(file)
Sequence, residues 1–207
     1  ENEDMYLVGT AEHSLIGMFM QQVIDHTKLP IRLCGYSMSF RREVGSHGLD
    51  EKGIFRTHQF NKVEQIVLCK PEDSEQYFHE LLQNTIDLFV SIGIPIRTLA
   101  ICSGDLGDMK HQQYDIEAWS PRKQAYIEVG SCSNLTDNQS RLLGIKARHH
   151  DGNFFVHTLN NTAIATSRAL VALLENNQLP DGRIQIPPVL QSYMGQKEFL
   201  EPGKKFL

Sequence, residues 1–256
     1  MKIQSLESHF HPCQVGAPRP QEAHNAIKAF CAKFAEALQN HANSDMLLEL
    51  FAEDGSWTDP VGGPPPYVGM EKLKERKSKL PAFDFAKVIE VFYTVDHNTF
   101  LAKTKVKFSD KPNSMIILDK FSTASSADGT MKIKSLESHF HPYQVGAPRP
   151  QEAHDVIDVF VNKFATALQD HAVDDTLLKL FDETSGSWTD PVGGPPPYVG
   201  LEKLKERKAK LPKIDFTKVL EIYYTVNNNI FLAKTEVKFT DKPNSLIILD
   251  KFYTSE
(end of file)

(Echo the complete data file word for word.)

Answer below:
Sequence, residues 1–207
     1  ENEDMYLVGT AEHSLIGMFM QQVIDHTKLP IRLCGYSMSF RREVGSHGLD
    51  EKGIFRTHQF NKVEQIVLCK PEDSEQYFHE LLQNTIDLFV SIGIPIRTLA
   101  ICSGDLGDMK HQQYDIEAWS PRKQAYIEVG SCSNLTDNQS RLLGIKARHH
   151  DGNFFVHTLN NTAIATSRAL VALLENNQLP DGRIQIPPVL QSYMGQKEFL
   201  EPGKKFL

Sequence, residues 1–256
     1  MKIQSLESHF HPCQVGAPRP QEAHNAIKAF CAKFAEALQN HANSDMLLEL
    51  FAEDGSWTDP VGGPPPYVGM EKLKERKSKL PAFDFAKVIE VFYTVDHNTF
   101  LAKTKVKFSD KPNSMIILDK FSTASSADGT MKIKSLESHF HPYQVGAPRP
   151  QEAHDVIDVF VNKFATALQD HAVDDTLLKL FDETSGSWTD PVGGPPPYVG
   201  LEKLKERKAK LPKIDFTKVL EIYYTVNNNI FLAKTEVKFT DKPNSLIILD
   251  KFYTSE